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Do You Know What Defines a Veteran? It's Not Just Combat

10/28/2013 05:14 EDT | Updated 01/23/2014 06:58 EST

Canada has a whole lot of veterans; a lot more than you might think. According to the Office of the Veterans Ombudsman in 2012:

There are nearly 750,000 Canadian Forces and RCMP Veterans; 100,000 Canadian Forces members (Regular and Reserve Forces) and 23,000 members of the RCMP.

Doing the math, you get approximately 900,000 and growing. Call it a million for the sake of convenience and you find that 1 in 35 Canadians is a veteran.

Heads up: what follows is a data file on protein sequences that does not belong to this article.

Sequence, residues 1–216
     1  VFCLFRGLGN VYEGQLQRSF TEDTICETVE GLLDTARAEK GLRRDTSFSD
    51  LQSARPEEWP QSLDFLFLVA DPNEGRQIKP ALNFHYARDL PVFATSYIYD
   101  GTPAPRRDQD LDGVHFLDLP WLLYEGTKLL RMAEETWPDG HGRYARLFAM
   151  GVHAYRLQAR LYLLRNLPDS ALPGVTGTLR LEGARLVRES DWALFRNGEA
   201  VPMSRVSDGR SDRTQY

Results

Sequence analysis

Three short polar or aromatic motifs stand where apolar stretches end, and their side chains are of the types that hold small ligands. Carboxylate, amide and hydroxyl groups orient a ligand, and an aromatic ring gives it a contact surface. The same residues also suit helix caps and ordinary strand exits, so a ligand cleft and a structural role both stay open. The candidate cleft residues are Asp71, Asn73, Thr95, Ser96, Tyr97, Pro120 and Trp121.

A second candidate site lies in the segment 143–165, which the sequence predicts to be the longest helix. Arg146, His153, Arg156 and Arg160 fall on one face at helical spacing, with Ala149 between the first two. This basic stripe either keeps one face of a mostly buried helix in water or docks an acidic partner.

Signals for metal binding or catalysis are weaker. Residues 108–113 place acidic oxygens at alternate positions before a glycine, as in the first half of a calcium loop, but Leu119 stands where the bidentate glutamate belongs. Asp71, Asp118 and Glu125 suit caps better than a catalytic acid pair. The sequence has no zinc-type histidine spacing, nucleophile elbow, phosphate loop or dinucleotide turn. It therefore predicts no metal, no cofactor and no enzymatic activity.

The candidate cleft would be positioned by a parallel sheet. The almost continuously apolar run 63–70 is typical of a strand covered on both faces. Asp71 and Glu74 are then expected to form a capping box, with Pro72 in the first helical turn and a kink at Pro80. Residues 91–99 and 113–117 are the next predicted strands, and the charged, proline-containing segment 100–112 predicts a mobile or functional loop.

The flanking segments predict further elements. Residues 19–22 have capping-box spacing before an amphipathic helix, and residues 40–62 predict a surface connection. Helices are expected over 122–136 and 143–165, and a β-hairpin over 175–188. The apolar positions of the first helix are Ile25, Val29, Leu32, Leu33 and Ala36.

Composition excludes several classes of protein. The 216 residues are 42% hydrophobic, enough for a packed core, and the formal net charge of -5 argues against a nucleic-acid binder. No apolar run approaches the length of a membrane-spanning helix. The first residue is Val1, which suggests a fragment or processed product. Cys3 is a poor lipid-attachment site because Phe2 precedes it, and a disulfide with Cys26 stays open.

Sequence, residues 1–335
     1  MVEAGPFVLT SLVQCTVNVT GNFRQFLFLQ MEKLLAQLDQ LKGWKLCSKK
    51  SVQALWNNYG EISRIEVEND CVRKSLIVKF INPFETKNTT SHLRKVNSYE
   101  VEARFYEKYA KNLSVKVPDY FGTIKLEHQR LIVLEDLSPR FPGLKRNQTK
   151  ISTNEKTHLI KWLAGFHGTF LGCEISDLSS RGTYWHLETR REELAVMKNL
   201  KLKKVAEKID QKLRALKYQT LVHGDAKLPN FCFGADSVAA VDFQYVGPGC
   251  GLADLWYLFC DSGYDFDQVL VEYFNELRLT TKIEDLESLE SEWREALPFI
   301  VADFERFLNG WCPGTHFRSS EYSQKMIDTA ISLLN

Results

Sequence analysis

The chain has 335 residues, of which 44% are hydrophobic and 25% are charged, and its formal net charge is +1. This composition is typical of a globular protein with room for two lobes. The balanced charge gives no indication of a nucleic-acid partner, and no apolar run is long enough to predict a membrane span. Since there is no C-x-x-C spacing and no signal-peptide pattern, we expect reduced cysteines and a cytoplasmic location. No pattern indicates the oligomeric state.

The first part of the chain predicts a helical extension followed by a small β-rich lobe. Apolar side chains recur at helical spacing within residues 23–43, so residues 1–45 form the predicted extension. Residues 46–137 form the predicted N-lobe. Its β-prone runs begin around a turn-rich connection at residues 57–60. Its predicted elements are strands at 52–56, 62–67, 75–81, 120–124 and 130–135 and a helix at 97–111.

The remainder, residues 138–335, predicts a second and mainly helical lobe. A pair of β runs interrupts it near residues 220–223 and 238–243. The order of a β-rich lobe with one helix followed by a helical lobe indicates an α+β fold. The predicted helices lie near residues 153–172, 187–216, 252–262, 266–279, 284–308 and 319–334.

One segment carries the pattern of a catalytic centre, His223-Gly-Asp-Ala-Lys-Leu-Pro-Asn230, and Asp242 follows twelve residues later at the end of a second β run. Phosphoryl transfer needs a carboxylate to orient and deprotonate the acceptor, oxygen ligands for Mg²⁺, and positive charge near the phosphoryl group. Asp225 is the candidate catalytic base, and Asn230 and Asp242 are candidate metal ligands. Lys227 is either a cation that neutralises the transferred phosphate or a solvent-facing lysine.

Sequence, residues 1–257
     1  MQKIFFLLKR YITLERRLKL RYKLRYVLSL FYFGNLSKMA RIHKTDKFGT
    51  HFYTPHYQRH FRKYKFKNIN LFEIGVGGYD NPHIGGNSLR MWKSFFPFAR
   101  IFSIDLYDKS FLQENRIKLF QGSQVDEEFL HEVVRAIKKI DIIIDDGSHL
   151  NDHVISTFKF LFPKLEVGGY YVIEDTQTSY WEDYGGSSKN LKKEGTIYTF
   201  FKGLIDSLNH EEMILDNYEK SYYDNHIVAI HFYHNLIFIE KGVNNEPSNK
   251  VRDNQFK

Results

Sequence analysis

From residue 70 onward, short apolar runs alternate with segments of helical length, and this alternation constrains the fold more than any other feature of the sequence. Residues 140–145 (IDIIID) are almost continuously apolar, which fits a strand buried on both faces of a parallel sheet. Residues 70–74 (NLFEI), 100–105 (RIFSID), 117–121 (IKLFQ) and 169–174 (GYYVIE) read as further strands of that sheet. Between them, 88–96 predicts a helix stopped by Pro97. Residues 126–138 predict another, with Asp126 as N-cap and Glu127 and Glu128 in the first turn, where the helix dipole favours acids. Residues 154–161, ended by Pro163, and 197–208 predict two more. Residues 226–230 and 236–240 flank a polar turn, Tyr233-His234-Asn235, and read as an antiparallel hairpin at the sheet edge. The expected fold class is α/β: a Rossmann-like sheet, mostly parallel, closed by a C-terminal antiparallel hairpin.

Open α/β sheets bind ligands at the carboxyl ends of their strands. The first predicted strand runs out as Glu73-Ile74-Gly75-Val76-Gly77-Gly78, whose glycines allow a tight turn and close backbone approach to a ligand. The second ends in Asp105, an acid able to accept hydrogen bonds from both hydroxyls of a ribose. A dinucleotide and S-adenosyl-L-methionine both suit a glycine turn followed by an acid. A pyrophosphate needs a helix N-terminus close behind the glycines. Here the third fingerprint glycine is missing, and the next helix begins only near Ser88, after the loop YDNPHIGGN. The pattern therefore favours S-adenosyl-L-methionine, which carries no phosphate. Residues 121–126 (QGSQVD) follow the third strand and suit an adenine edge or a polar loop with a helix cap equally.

If that number seems high, think about how you define a veteran. To many people, a veteran is someone from WWII or Korea. Yes, those men are veterans. But they are not the ONLY veterans. In fact, WWII and Korea service personnel only account for 11 per cent of the total veteran population.

Some argue that combat is what defines a veteran. Think about that for a minute and you'll realize that such a definition overlooks all the logistics, support, medical, and other personnel. Think about all the aircraft mechanics required in WWII -- are they not veterans? Of course they are.

There are all the peacekeeping missions -- 33 so far. Let's not forget that peacekeeping doesn't mean picket duty; some of those missions were so close to war that only legal definitions can make the distinction. On top of that is the witnessing of genocide in Rwanda, the Balkans, and other places, usually with the inability to respond and defend the victims. Peacekeepers are some of the most scarred of all veterans, but the wounds are often mental.